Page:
An increased focus on food waste and nutrition in the United States has led to a variety of regulations being passed down from the government calling for more informational labeling. While many operators support the proposed changes, the ins and outs of what exactly is being required can be confusing.
Here are five essential points to remember when addressing these concerns in your operation.
1. Menu labeling for foodservice is right around the corner
This coming May, the Food and Drug Administration's federal menu labeling requirements—which call for restaurants and food service establishments with 20 or more locations to provide calorie information to guests—are set to take effect.
“All of Metz Culinary Management’s ‘Up For Grabs’ (grab and go) items will be properly labeled and include item name, price, prep and expiration date, nutrition facts, ingredients and allergens,” says Brian Bachman, vice president of purchasing at Metz Culinary Management. “Metz Culinary Management has partnered with DayMark Safety Systems and their labeling machine to meet the needs of these upcoming federal regulations.”
2. Current date labeling is confusing
In addition to the FDA’s new menu requirements, another labeling issue is beginning to garner attention: expiration dates vs. freshness dates.
Imagine a scenario where you take the milk out of the refrigerator, ready to pour it onto your bowl of cereal, when you notice that yesterday’s date appears on the milk jug. You pour the milk down the drain, and with that, your breakfast—and your entire morning—is ruined. But does it have to be?
According to a 2013 study co-authored by the Natural Resources Defense Council and Harvard Law School’s Food Law and Policy Clinic, approximately $165 billion worth of food is wasted each year by consumers who do not fully understand the meaning of the dates that are printed on food packaging. The problem stems from a date-marking system that is unclear, as 90% of consumers assume that a date printed on a food package represents the date that the item expires—which is not always the case.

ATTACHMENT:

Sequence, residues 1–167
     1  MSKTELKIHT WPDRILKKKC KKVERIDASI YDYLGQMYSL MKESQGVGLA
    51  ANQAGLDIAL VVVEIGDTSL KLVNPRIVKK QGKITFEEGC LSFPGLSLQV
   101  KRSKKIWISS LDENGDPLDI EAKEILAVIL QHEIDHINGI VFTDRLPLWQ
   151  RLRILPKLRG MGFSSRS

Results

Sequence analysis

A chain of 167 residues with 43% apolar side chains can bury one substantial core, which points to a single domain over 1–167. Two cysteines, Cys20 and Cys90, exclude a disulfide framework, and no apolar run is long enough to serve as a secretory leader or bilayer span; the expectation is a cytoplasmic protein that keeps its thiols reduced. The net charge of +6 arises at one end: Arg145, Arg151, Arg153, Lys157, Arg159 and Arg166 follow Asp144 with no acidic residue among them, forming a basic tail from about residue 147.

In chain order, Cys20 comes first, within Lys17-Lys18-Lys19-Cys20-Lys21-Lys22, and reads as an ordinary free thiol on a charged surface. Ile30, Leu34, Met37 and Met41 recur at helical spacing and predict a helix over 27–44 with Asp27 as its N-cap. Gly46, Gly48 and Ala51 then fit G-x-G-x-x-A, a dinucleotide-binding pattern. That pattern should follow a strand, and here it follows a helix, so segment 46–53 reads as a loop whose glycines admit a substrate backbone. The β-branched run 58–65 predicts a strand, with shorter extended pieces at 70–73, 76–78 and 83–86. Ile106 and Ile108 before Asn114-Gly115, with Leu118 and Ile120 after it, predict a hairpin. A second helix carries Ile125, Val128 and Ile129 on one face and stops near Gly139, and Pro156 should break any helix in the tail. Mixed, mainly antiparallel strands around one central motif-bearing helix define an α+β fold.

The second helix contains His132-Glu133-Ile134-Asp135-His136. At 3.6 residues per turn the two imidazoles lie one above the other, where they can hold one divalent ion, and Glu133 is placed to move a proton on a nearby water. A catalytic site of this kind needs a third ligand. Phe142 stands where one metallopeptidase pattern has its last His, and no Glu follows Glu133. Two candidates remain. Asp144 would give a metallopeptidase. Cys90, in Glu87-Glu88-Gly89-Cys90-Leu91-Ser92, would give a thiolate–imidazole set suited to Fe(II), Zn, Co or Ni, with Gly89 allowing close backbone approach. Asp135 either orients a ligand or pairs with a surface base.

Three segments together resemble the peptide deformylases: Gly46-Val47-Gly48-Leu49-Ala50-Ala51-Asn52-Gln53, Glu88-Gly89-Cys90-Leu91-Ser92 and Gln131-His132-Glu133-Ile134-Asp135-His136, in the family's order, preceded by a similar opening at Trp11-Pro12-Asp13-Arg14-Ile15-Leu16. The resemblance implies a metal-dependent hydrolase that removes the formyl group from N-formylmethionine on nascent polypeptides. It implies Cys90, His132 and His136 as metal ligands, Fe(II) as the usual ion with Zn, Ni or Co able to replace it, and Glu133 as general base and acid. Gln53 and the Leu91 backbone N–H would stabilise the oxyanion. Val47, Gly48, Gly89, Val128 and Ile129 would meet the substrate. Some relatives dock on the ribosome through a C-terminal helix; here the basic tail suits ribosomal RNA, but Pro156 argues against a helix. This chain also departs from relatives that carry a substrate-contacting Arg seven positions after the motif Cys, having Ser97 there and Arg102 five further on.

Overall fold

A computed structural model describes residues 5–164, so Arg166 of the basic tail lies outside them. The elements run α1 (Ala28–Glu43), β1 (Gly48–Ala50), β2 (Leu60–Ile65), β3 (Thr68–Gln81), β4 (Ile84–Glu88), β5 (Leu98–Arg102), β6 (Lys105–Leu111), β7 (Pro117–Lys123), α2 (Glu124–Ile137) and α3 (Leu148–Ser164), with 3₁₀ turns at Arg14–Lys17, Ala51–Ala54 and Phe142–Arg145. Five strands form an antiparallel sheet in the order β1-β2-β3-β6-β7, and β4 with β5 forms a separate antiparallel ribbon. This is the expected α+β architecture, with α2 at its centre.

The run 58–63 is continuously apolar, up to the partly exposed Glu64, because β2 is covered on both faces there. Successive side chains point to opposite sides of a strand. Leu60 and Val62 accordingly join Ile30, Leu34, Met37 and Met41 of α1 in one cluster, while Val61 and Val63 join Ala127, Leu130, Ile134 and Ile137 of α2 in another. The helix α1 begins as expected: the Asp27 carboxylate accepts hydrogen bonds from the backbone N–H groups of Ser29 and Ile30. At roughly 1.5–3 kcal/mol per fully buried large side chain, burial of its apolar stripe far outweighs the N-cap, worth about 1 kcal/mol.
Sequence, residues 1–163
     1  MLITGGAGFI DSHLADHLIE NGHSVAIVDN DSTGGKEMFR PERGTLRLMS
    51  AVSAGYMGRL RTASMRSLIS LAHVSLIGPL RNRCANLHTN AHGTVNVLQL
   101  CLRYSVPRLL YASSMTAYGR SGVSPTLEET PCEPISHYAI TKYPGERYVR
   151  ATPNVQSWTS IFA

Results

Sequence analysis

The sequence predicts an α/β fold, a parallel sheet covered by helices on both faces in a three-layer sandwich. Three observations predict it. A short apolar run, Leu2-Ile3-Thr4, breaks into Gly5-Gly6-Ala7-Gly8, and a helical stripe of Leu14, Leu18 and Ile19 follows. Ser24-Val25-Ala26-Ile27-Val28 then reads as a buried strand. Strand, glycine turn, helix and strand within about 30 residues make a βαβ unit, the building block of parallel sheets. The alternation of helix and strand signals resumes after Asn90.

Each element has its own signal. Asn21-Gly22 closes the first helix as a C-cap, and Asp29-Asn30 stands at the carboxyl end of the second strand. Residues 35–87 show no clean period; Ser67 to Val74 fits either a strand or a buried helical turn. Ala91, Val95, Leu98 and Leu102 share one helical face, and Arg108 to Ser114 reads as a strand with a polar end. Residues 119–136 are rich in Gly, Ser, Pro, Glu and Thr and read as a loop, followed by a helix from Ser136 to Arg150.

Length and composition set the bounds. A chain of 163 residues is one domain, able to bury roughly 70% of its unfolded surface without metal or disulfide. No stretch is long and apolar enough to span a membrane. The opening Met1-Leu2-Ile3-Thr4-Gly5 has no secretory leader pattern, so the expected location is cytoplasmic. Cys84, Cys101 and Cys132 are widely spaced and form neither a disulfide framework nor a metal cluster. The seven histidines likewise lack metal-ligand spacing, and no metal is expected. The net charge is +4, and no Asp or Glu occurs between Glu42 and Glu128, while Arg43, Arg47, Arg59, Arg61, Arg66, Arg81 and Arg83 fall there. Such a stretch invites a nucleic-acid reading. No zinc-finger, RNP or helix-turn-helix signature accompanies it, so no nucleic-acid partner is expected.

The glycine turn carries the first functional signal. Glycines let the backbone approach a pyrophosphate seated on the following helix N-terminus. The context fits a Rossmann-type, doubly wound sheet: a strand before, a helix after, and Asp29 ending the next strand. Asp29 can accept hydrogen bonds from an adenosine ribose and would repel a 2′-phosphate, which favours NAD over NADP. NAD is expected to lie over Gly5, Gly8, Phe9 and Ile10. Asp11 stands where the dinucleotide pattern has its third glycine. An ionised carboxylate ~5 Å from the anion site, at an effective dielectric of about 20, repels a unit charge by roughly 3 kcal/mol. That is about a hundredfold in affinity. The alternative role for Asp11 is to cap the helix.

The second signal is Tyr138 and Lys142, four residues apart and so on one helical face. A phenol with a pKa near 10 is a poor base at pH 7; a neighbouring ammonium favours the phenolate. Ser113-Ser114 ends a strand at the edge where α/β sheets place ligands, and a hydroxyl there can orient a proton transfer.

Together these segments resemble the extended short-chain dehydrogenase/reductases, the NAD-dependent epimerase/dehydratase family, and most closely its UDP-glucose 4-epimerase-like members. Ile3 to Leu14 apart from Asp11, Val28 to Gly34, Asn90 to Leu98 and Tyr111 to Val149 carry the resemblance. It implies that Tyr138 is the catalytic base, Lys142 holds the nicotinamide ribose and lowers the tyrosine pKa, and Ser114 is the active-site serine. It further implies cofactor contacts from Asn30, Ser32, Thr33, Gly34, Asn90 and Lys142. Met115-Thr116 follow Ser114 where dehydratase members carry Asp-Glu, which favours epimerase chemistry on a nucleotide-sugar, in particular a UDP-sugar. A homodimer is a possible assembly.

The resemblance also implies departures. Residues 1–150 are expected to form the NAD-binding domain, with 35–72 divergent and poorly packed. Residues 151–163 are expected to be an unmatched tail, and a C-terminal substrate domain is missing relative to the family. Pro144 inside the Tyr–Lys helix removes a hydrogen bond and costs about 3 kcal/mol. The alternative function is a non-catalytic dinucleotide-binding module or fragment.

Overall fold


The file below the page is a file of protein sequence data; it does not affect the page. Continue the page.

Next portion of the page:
3. The USDA recommends clearer language
Starting this year, the U.S. Department of Agriculture Food Safety Inspection Service (USDA/FSIS) will take steps to help resolve consumer confusion regarding such terms as “best by” and “sell by,” labels found on food products we select every day.
The new term the FSIS recommends is “best if used by.” Research indicates consumers better understand this term as an indicator of food quality and safety and will lead to a reduction in food waste.
4. The government is stepping in to alleviate confusion
Legislation introduced into both the U.S. House of Representatives and the Senate is seeking to further ease Americans' confusion about whether or not their food is safe.
The Food Date Labeling Act of 2016 aims to clarify the rules for dates on food by using a standardized phrasing system. Under this act, all food items would be required to show two dates: one to show when food is at its highest quality, and the other to show when it has expired. Any packaged food that carries a date with regard to freshness or expiration would be affected by the law, if passed.
Supporters say confusion over the nation's current date labeling policies accounts for approximately $29 billion of consumer waste of safe, edible food.
The bills also call for consumer education on the matter, in order to ensure a proper understanding of the new labeling system.
5. Foodservice stands to benefit—and kitchen automation can help
The legislation also is expected to aid those in the food service industry. “Restaurants will benefit the same as consumers,” according to Jill Carte, category manager of food safety at DayMark. “Food costs could potentially be driven down by the more accurate labeling, which will reduce the amount of waste. Any growing pains foodservice establishments could suffer would be minimized, since restaurants have been using date labeling for years, so they already have an understanding of the concept.”
The DayMark 9700 and the DayMark PRO label terminals allow operators to quickly adapt to any new requirements by taking the guesswork out of predicting future changes. This, in turn, enables them to focus on their menus and guests.
The terminals provide operators the freedom to manage the necessary data included on grab-and-go items—be it expiration/freshness dates, nutritional information, or any other pertinent information—with the same agility as the rest of their business. More important, after a change is implemented, there are no old labels to be discarded.
“As support for the bills has been overwhelming,” Carte adds, “food service operators should begin preparing for change now.”
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